In Numbers 15:22-29, we find Moses speaking to the people concerning their sins committed in ignorance when he says,

22″‘Now if you unintentionally fail to keep any of these commands the LORD gave Moses-23any of the LORD’S commands to you through him, from the day the LORD gave them and continuing through the generations to come-24and if this is done unintentionally without the community being aware of it, then the whole community is to offer a young bull for a burnt offering as an aroma pleasing to the LORD, along with its prescribed grain offering and drink offering, and a male goat for a sin offering. 25The priest is to make atonement for the whole Israelite community, and they will be forgiven, for it was not intentional and they have brought to the LORD for their wrong an offering made by fire and a sin offering. 26The whole Israelite community and the aliens living among them will be forgiven, because all the people were involved in the unintentional wrong. 27″‘But if just one person sins unintentionally, he must bring a year-old female goat for a sin offering. 28The priest is to make atonement before the LORD for the one who erred by sinning unintentionally, and when atonement has been made for him, he will be forgiven. 29One and the same law applies to everyone who sins unintentionally, whether he is a native-born Israelite or an alien. (Numbers 15:22-29 NIV)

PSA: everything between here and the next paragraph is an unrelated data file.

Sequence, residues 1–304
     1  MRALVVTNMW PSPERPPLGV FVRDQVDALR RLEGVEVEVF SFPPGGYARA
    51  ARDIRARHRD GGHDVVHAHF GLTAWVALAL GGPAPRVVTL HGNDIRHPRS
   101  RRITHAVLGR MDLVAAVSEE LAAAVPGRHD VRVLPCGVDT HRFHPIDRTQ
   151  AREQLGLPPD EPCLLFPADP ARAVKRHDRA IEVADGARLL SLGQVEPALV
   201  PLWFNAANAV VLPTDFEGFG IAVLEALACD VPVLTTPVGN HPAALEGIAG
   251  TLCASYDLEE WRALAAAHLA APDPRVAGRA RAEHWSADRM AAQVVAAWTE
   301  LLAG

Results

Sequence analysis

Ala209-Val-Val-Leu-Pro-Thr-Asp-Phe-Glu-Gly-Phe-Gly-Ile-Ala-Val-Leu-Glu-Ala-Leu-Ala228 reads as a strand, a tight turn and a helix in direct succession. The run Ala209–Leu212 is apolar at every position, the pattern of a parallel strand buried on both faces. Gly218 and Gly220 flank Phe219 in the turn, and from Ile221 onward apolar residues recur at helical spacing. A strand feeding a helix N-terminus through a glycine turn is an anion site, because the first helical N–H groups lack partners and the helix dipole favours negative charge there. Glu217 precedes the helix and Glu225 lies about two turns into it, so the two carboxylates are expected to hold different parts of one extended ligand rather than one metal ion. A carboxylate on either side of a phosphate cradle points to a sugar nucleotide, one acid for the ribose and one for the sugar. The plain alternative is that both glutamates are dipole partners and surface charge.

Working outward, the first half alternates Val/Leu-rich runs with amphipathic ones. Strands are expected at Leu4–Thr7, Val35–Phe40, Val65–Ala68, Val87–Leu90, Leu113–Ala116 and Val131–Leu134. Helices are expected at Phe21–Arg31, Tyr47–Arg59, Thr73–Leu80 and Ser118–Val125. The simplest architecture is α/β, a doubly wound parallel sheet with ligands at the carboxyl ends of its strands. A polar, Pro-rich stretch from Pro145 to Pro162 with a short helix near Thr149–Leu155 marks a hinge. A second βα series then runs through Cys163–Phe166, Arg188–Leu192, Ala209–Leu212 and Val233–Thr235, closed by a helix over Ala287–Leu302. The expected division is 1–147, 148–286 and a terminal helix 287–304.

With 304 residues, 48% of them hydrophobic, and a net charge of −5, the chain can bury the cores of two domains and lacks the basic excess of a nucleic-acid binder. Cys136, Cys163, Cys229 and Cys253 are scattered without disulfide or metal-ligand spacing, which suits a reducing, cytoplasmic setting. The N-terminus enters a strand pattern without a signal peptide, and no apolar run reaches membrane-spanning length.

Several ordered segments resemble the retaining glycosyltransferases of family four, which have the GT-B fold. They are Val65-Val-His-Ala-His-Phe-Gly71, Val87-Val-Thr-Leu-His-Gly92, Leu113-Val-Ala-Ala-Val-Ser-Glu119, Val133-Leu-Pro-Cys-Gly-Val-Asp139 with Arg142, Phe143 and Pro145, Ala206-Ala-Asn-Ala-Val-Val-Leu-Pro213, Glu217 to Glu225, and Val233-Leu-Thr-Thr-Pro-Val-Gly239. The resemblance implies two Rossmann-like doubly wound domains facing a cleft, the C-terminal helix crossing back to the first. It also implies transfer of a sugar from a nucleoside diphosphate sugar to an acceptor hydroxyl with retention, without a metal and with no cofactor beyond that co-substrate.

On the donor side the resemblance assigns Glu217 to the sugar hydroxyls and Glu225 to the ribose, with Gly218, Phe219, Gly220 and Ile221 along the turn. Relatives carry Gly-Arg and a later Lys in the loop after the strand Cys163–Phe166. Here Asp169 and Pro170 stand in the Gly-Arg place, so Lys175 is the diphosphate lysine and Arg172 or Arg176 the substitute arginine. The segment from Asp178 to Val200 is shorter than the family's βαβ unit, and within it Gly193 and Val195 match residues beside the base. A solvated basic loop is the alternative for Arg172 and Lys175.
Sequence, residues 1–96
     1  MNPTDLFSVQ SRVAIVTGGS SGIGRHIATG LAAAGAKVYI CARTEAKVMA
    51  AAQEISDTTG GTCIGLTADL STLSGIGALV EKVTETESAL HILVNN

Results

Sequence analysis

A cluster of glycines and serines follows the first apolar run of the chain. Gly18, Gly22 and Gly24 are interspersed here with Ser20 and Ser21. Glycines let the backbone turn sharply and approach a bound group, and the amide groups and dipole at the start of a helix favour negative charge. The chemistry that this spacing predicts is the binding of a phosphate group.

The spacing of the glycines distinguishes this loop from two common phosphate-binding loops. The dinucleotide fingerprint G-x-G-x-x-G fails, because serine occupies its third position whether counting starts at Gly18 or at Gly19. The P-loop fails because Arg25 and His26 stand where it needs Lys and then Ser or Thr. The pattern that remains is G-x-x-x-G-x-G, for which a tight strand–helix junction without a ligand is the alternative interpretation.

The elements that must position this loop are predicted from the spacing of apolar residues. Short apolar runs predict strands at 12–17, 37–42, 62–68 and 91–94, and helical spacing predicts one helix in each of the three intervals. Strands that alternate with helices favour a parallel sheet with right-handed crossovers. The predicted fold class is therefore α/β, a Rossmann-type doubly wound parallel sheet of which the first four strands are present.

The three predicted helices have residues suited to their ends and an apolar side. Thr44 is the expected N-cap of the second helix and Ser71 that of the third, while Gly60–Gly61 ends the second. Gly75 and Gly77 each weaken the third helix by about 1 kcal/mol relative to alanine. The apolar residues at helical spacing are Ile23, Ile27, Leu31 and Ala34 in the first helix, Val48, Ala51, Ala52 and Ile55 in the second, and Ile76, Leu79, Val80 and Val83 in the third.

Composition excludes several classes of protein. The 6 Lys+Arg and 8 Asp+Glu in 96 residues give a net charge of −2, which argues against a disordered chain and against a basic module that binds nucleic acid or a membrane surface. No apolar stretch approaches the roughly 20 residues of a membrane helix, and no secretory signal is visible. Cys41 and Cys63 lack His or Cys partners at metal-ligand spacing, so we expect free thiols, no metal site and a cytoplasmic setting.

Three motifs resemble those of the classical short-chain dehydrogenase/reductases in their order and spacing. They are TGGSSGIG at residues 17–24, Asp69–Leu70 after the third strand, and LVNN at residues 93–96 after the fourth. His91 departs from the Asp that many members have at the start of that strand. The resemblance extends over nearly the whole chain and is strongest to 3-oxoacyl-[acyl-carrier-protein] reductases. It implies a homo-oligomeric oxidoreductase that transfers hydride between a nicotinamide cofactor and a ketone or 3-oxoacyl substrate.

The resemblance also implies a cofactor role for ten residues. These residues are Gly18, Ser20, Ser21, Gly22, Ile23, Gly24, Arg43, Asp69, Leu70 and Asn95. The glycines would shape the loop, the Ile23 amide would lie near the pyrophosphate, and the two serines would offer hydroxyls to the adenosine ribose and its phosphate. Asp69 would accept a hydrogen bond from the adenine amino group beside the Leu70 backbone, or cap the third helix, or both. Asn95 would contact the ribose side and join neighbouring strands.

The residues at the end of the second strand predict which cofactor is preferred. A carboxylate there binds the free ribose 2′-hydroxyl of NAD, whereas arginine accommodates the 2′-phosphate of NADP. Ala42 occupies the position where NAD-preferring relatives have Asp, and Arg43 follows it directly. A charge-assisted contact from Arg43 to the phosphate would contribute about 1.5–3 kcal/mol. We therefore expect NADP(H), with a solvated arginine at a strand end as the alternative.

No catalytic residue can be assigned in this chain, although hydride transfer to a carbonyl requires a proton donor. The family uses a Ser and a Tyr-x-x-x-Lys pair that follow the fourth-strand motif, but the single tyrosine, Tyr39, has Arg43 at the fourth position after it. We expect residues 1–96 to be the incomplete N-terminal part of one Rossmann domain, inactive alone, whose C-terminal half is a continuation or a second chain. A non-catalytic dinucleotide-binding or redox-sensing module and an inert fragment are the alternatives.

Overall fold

Forgiveness was extended to all people, both Jew and non-Jew, who committed sins in ignorance, not knowing any better or straying from God’s commands.

There is another kind of sin which God addresses in the Old Testament. This is not a sin committed in ignorance, but sin committed in defiance of God’s commands. These people knew better, they simply chose to go their own way, to defy God. There are two main Hebrew ways to identify this kind of sin. The first is a Hebrew phrase which is used to describe this type of sin — (beyadh ramah). The Hebrew phrase is made up of two words, (yad), which means, “hand, strength, or power.” The second word in the phrase is (ruwm), which means, “to rise, rise up, be lofty or exalted, to be lifted up.” Together, the two words literally mean, “With a high hand.”

After Moses gives the people hope for their sins committed in ignorance in Number 15:22-29, he turns to the sins of defiance. Moses writes,

30″‘But anyone who sins defiantly, whether native-born or alien, blasphemes the LORD, and that person must be cut off from his people. 31Because he has despised the LORD’S word and broken his commands, that person must surely be cut off; his guilt remains on him.'” (Numbers 15:30-31 NIV)

Oh the weight of our sin committed in defiance against what we know to be God’s truth! When we lift our hand in defiance against God then we will reap the harvest of our arrogance and pride.

There is another word that the Hebrews used to describe this defiance of God’s commands and it was the word,(bezadon). The word means, “pride, insolence, presumptuousness, or arrogance.” God uses this very word, when, in Obadiah, He speaks to the people and says,

3 The pride of your heart has deceived you, you who live in the clefts of the rocks and make your home on the heights, you who say to yourself, ‘Who can bring me down to the ground?’ 4 Though you soar like the eagle and make your nest among the stars, from there I will bring you down,” declares the LORD. (Obadiah 1:3-4 NIV)